He asks me who I am. He is scared. I tell him my name, and he is still scared. I speak a little more, but I can tell he is not listening. A real go-getter. I sigh and place my hand on his forehead and show him decades into the future; the golden land, the gilded age. His eyes go wide as saucers. All I need, I say, is to—to be. All of it can be his, so long as he agrees.
He says yes.
And then I am him, and am not him; it is a formality, yes, but one that is always observed. I fly him out of the snow. I fly him West. There, a war is being fought to rip more, more out of America. He is not interested in any of it; I cannot even pretend to care. What is, is.
He is a child for the first time. He sees the wealthy walking down the street, dandied up in their finest straight-coats, nostrils facing the sky…he knows, deep in his heart, that he will be like that one day. That is what his life becomes.
Now he is older. He is a blacksmith, despite the name; first an apprentice, then a journeyman. He does acceptable work, and does acceptable business. He is still not rich, and especially not happy. When people started heading west he followed, first to outfit the brave pioneers closer and closer to frontier, then out into the wilderness, into the promised land of milk and honey (hah!). I take him the rest of the way, to San Francisco and beyond, all up and down the coast, through the wild fresh years, just like I promise. And not one iota more.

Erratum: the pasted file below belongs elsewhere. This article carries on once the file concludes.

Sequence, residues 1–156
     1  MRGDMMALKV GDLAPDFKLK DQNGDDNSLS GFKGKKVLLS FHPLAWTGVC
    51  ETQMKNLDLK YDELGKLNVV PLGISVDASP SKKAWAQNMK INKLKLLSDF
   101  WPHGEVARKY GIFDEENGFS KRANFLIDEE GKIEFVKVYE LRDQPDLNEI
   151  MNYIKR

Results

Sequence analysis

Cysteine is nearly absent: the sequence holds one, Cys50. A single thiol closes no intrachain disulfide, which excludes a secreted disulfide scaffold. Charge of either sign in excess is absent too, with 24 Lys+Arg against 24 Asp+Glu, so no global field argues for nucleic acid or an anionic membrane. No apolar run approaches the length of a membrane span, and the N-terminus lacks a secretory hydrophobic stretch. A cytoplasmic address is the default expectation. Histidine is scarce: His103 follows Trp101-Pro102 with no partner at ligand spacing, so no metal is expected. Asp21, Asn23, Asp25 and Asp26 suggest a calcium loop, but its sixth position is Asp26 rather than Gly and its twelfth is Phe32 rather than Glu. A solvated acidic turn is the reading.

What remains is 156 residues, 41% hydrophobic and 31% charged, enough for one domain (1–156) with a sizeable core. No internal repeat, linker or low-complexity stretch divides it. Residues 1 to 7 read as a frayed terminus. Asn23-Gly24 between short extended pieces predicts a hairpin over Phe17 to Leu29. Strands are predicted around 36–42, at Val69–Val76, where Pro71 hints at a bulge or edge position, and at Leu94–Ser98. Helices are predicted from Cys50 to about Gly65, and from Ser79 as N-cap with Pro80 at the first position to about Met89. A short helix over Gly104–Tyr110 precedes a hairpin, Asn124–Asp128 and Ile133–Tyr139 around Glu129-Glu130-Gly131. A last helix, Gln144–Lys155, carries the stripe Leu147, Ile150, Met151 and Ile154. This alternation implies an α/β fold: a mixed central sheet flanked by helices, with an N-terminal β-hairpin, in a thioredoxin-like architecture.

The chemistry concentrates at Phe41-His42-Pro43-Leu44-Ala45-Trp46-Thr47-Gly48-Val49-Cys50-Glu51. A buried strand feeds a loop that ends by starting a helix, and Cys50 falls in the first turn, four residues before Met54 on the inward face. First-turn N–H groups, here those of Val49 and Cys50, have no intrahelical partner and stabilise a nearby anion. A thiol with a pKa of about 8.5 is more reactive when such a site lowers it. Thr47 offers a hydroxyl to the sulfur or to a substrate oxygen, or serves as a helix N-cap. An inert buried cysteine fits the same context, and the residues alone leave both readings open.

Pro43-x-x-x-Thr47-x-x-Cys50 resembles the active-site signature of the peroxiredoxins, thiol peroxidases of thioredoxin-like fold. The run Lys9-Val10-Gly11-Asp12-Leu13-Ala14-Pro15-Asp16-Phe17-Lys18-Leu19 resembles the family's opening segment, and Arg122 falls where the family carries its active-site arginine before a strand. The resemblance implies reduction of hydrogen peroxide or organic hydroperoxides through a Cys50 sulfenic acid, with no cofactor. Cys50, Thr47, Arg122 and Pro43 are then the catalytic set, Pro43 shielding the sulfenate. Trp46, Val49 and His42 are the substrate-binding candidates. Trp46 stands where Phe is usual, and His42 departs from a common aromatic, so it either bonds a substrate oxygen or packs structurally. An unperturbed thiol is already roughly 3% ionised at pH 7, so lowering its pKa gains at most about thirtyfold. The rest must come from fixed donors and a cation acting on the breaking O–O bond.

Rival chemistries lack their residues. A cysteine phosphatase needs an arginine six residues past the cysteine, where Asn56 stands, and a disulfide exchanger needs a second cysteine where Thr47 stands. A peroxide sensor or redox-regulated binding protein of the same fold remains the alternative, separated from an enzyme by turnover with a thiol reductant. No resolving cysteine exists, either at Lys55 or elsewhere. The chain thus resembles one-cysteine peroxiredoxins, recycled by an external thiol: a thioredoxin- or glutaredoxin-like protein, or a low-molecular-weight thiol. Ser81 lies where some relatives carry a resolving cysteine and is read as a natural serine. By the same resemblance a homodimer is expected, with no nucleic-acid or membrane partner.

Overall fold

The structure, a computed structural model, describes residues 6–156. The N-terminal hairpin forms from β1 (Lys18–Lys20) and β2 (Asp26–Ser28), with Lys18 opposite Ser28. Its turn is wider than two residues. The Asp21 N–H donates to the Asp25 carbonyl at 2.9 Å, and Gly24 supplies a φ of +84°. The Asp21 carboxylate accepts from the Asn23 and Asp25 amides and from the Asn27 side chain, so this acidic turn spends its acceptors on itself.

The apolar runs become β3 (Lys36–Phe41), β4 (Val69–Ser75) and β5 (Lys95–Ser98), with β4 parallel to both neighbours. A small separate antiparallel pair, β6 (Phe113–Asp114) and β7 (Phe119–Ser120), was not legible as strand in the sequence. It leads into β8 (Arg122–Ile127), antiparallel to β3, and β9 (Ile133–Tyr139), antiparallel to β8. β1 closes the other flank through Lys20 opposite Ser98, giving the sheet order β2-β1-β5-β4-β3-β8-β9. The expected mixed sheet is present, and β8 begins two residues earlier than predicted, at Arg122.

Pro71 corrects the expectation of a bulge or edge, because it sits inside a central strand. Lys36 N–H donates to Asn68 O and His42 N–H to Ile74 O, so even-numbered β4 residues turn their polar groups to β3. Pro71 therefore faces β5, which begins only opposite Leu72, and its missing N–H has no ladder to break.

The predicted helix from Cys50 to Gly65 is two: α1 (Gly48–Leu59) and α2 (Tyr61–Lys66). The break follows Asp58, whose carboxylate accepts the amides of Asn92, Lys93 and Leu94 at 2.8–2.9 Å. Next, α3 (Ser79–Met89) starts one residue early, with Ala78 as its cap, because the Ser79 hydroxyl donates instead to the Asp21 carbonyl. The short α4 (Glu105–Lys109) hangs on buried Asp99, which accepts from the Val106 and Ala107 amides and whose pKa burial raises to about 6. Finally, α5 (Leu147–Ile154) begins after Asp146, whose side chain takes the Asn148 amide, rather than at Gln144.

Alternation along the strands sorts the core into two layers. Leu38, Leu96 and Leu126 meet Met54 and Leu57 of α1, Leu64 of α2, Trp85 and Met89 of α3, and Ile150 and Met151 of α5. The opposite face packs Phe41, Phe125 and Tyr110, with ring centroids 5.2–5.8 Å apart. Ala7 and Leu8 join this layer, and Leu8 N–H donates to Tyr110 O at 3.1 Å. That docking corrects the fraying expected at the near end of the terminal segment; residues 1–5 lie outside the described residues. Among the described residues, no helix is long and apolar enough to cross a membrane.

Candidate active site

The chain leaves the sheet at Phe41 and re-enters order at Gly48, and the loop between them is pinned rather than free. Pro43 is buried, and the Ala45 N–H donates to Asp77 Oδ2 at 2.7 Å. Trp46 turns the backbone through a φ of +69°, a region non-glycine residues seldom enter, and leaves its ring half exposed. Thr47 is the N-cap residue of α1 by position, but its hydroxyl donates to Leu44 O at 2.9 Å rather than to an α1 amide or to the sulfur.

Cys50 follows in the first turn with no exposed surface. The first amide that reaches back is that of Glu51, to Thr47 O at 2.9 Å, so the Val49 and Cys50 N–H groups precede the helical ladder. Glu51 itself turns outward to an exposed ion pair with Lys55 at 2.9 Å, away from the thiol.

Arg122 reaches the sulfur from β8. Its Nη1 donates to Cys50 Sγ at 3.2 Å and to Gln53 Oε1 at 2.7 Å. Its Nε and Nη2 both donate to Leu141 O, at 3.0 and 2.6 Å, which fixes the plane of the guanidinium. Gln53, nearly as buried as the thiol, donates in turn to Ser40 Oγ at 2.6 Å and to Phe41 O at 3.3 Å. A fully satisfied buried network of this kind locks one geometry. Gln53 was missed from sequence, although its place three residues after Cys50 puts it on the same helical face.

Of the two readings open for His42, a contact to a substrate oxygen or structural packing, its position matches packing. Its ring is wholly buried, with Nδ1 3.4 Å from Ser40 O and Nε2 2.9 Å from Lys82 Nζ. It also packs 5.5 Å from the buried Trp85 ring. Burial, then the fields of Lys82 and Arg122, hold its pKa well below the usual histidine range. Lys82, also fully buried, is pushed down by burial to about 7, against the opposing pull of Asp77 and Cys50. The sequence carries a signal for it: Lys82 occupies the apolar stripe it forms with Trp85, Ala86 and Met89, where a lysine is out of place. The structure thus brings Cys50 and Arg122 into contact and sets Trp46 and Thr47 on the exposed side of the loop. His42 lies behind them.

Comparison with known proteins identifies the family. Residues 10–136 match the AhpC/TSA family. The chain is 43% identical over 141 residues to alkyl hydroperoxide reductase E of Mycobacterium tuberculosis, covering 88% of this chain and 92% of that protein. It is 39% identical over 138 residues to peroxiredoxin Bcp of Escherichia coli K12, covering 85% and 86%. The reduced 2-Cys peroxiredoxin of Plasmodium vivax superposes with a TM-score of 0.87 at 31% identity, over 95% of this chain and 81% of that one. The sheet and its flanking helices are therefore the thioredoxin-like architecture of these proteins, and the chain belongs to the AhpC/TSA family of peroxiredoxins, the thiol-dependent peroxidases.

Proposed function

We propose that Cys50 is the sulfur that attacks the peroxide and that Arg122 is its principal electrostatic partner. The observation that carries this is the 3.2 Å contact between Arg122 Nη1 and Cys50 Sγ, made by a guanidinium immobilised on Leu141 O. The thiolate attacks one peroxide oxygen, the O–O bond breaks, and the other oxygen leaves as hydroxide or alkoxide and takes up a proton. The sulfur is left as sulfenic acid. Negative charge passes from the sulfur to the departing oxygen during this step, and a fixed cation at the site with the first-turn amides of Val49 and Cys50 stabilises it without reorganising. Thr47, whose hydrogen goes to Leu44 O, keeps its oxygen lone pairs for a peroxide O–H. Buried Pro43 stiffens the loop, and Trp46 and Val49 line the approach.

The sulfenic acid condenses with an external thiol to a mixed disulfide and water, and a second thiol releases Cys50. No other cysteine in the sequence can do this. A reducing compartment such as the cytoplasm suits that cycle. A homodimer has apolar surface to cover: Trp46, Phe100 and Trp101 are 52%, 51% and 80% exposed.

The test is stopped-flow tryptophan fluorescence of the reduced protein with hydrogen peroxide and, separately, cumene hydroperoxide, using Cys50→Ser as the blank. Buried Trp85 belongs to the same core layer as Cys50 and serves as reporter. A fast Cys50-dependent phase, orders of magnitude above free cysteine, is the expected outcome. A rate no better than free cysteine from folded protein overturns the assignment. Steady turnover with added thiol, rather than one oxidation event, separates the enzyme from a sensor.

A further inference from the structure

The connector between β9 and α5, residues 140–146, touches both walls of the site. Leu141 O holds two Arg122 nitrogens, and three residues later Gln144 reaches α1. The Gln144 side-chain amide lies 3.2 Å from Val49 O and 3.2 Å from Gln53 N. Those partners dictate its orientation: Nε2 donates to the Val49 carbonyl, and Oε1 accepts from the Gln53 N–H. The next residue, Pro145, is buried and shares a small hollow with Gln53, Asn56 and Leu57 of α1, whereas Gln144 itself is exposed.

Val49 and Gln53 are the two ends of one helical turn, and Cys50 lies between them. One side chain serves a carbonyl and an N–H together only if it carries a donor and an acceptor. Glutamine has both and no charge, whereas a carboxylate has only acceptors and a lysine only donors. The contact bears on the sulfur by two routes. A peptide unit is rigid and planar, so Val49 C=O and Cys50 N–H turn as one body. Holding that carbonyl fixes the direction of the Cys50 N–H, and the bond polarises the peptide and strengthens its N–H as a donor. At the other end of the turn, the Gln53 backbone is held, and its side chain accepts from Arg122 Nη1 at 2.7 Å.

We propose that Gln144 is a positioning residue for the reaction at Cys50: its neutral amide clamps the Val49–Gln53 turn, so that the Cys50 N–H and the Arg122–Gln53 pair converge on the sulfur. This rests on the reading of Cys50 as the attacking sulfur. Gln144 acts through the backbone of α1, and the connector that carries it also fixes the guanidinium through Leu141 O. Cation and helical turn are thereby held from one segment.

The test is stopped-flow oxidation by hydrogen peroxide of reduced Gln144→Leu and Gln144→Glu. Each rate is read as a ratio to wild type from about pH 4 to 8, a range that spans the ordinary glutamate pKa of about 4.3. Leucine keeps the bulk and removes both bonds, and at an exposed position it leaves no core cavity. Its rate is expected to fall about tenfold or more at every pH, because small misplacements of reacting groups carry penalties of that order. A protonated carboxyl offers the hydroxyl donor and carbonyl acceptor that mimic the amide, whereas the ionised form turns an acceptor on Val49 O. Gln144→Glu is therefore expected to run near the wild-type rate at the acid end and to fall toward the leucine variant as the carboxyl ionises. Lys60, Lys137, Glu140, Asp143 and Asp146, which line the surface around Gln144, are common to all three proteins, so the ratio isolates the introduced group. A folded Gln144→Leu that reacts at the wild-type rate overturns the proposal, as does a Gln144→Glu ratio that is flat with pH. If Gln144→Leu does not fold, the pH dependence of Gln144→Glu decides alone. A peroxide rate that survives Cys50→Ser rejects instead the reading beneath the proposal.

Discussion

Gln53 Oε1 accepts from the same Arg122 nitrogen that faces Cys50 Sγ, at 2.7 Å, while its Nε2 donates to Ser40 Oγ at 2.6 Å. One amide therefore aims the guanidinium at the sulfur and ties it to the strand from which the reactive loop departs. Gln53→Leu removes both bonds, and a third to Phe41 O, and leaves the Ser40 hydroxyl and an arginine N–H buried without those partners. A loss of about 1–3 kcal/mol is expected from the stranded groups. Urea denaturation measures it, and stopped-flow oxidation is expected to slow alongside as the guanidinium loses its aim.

I do not ask what he wants, and I do not need to ask. He tells me in a hotel room in Missoula in 1924 how he has never had to ask me what he wants, how I always hear before he asks. "You really know," he says, "how to live the American Dream." Well, I'd certainly hope so.
We live these days like sand, watching food money and life drip through our fingers. I keep him flush with life's luxuries: he walks into a bar and drinks out their entire supply; he throws parties, eating his way into mountains of food; he fucks his way through whole towns (all with my help, of course)…all of this passes through him like water, or liquid gold; in one end and out the other, not so much money, per se, not the pursuit of money, but the pursuit of…well….
I carry him through good times and bad: through booms and busts, through depressions and mania, through illness and sickness and poverty and death. Nothing touches him. He is happy, or at least content.